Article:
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A 'normal' life!

Popularity 1Viewed 2236 times 2015-6-15 08:52 |System category:Life| normal, life, china

I suppose many of you reading these blogs probably think what an exotic or adventurous time I must lead but I am not sure it’s a lot different to what you all do back home. Whoa! Well it is different in that you can’t understand what people are saying and you can’t read signs to help you get around either, everybody looks Chinese, nobody can drive, the food you eat is not the same, strange customs, no pubs, opposite seasons and you probably don’t use an interpreter to go to the supermarket. Other than those minor differences the things that you do are basically the same. You get up, you have breakfast, shower, get ready for work, go to work, shop for food, occasionally go out to a restaurant to eat, catch taxis, cook meals at home, visit friends and so on. Some people work in offices, many  work outside in the fields or construction and some of us are teachers. So the day is basically the same as when I lived in Australia. Basically!

 

Walking down the street in China is an adventure, that’s for sure, because it’s akin to walking a mountain trail strewn with rocks, cracks, wild animals and various obstacles. The state of the sidewalks / footpaths are not far short of disgraceful so even bird watching of the female variety instead of concentrating on where you are walking is not a smart thing to do as you will either twist your ankle on the broken pavement, fall down a manhole because the cover has been removed or stolen, get hit by a car or electric scooter because vehicles are allowed on the footpaths or just be barreled over by a Chinese person as they have no idea of personal space. It wouldn’t look real cool to the girl you are looking at as you go base over apex while giving her a flirting smile either! Mind you the laughs and attention you would get from everybody else would be almost worth it. 


 

You know what else irritates me here? No Yellow Pages. Or even a directory to give you the address and type of businesses being run here. It’s all done word of mouth. Even the foreigners just tell each other what little shop or eatery they have discovered. Mind you I don’t know what value a Yellow Pages all written in Chinese would have for me! At the risk of being stared at even more openly I still venture into shops that look interesting from the outside and in this way I have found stationery stores, shoe repairers, hardware, electronics, bike repairs, a seamstress and places that sell every conceivable thing you want to buy….except a butcher shop that knows how to cut meat.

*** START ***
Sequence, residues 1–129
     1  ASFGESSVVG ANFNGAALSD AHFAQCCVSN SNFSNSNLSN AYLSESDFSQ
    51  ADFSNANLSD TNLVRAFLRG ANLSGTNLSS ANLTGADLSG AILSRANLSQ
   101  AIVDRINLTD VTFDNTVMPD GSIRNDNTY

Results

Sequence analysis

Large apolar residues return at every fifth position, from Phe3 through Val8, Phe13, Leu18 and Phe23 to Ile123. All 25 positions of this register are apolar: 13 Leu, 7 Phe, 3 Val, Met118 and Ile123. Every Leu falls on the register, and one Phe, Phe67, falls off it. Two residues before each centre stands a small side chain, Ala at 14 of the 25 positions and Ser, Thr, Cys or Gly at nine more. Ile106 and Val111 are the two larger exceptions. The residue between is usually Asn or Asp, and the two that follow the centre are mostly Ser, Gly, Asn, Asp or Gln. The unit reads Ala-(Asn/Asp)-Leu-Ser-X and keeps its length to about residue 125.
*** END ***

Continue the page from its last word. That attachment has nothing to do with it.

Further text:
The dress shop in the courtyard below sells not only dresses and women’s clothing. If you walk down to the back you will find the most amazing items all made of jade in different purity and therefore varying prices ranging from $10,000AUD to $50AUD. Yes, expensive stuff, jade! Because this is not a tourist area (and never will be) the goods are made for the local market and that makes the stuff all very Chinese craft and I, for one, found a lot of it quite beautiful and unique. I am considering it my private gift store for when I go home because I want to bring gifts to my family and friends that are genuinely Chinese and not the cheap and nasty stuff you might find at a tourist venue like The Great Wall or the Forbidden City. Well, it’s not so cheap at those places but you can bargain viciously.


 

When you are alone in your apartment and either working, playing the guitar, listening to music or reading a book, you have the windows closed if it’s winter outside or you have the air conditioner on because it’s summertime, no outside noises penetrate your fortress, that is when you can imagine you are at home in your own country. You can ring the family on Skype, even see them on the monitor, talk to friends on any number of chat platforms and it seems like life is normal. (I actually have my computer streaming a Perth radio station into my apartment every day.) Once you open those windows and the curtains, that’s when you know you’re in a different country. Street sounds, smells, voices speaking Chinese, apartments all around you. Not home. China




(Opinions of the writer in this blog don't represent those of China Daily.)


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